In February, after mailing a CD with my latest lung images, and eagerly awaiting news that I would be reconsidered for a clinical trial, I received a message from the research nurse at NIH. They had reconsidered, but the answer was "No." The news was shared over the phone:
Nurse: I have your chart, and the doctor wrote a note. I want to read it to you. It says,
"No suitable sites for resection. Largest one on the left would require
an open thoracotomy, possible lobectomy. She should either look for
other options, or rescan and re-evaluate in 6 to 8 weeks."
Me: What? How can that be? There's a node on the left. What size are they looking for?
Nurse: Between one and one-and-a-half centimeters across.
Me: I have one--it's in almost the exact location of the first one they were considering--it's almost a mirror-image.
Nurse: I'm sorry. I can scan your chart into our database and send it to the gastro department. They might have something for you.
Me: Is there a report? Can you send me the report?
Nurse: There's no report, it's just a sticky note on the outside of your chart.
Me: A sticky note?! Will you email me the exact words? This doesn't make any sense. I need to see it in writing.
was stunned. What would it take to get into this trial? I met all of their criteria, but they weren't acknowledging it. I was crushed. "Seek
other options?!" I had no other options--this was my option! It was
my chance at the closest thing to a cure outside of a miracle that I
knew of, and the door got slammed in my face again. I was devastated. I called Patrick at work and sobbed, "They said 'no'." I was utterly shocked to hear myself say the words out loud.
"I'm coming home," he stated. Despite my protestations that he needn't leave work, his mind was made up. "I'll be there as soon as I can."
I hung up the phone and cried. But then I remembered that priest. He had promised to pray that I would get into the trial. If my prayers weren't being answered, maybe his were...I turned to my left, and gazed at the Divine Mercy image hanging on my bedroom wall. If ever there was a time when complete trust was needed, this was it. I repeated the words associated with that image, "Jesus, I trust in You."
Between the time when I hung up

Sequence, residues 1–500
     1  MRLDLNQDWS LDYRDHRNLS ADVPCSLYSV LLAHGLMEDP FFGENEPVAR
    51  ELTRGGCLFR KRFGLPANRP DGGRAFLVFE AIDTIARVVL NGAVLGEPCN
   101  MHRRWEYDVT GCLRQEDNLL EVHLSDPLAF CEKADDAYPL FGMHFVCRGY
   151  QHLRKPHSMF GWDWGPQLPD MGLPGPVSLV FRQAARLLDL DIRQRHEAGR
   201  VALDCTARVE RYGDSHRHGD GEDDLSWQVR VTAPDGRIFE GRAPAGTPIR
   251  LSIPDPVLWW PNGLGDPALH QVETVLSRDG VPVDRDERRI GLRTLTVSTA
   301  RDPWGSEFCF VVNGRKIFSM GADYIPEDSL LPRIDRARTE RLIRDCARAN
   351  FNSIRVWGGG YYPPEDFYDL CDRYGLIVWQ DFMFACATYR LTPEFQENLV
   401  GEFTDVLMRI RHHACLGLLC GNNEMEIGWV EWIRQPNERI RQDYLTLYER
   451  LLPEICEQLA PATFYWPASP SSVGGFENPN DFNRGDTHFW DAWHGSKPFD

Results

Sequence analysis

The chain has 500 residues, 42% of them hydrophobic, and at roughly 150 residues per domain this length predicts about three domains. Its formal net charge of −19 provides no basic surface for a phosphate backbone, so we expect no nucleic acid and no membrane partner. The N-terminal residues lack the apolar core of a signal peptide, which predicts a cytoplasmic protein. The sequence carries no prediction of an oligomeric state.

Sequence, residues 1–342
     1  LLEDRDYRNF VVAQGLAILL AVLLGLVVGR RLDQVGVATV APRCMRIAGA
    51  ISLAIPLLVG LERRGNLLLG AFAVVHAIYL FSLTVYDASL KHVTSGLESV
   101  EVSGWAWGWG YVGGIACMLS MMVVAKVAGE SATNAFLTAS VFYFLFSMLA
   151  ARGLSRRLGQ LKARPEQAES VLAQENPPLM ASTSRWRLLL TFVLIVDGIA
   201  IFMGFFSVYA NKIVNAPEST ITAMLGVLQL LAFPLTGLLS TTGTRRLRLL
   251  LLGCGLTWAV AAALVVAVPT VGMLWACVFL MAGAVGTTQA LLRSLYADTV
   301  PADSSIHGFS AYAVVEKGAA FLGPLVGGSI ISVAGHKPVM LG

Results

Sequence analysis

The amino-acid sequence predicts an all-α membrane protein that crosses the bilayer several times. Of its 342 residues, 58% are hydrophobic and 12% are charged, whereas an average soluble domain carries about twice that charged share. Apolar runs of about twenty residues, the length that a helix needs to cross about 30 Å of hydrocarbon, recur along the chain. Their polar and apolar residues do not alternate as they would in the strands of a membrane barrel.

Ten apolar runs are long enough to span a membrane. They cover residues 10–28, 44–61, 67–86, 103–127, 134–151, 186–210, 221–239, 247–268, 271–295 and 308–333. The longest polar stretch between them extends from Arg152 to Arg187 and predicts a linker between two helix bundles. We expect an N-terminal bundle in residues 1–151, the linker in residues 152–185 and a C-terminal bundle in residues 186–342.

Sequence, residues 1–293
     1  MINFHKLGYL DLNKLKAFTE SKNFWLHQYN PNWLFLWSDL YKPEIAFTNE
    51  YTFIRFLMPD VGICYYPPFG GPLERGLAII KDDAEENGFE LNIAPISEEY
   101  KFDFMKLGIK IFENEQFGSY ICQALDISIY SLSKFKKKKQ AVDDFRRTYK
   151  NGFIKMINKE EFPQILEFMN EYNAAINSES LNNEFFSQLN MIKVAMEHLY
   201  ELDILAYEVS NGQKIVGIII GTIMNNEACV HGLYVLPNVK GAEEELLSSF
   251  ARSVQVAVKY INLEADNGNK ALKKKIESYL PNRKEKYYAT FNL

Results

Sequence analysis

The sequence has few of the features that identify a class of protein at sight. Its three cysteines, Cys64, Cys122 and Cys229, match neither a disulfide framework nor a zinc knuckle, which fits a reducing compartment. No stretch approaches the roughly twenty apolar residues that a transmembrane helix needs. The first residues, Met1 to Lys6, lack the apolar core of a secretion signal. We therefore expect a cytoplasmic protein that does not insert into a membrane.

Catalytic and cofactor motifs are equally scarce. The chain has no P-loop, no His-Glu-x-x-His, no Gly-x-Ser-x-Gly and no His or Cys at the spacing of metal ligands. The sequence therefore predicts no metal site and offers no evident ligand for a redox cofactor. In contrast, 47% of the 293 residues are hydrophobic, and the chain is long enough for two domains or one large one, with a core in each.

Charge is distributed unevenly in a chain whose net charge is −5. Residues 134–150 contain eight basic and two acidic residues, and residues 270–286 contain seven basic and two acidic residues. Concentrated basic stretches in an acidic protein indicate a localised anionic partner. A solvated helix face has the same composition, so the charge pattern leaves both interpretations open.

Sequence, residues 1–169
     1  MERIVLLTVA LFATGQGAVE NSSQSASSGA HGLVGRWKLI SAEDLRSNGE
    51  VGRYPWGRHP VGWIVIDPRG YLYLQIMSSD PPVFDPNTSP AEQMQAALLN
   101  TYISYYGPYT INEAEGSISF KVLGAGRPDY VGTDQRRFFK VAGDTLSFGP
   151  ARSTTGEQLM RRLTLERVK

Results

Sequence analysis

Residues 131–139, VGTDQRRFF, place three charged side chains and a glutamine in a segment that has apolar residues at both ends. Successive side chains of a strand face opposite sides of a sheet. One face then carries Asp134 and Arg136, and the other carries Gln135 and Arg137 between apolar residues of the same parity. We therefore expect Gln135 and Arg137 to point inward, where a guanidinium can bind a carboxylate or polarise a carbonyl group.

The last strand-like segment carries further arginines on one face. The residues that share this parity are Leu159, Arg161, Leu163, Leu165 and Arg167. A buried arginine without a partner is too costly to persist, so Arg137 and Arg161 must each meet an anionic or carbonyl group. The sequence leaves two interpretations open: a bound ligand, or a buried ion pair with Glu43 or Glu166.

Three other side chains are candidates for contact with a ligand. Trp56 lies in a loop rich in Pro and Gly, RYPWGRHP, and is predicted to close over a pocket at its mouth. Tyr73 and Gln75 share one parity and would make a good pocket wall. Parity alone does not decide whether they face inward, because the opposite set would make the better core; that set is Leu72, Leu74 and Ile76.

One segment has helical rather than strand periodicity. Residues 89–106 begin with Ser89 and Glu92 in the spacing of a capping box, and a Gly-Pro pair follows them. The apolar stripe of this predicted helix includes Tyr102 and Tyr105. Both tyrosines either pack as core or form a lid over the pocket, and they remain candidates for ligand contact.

the phone with Patrick and the moment he walked into the house, I had dried
my tears, squared my shoulders, and decided that I wasn't going to accept a refusal without a better explanation from NIH. I didn't know which doctor had written the note, or anything about the processes in place for evaluating trial candidates, but I had to try something.
I grabbed my copy of the latest scan and loaded the CD onto my
computer. I quickly found an image of the node that I thought would qualify me for the trial. Using the viewing software's measuring tools, I displayed the node's height and width on the computer monitor, then captured a screen shot. I composed an email to the nurse requesting that she ask the attending physician to look at the image attached to the email.
"Maybe," I reasoned, "they just stopped looking after rejecting the largest tumor (Jose). I'm sure that Jorge (a different tumor) will make them change their mind." Instead of a crumpled, crying mess, Patrick came home to find his wife in warrior-mode.
Within just a few minutes of sending my request for another review, the nurse wrote back to assure me that she
would forward the email to [the attending physician that I requested]. A few hours later she emailed again to let me know that the doctor had submitted my case to the thoracic team for review.
I sincerely thanked the nurse for her help, hung up the phone, and fist-pumped the air. "Hallelujah!", I cried. Even if
the answer came back "no" a third time, at least I would have the peace of mind of knowing that I had done everything within my power to get into that trial.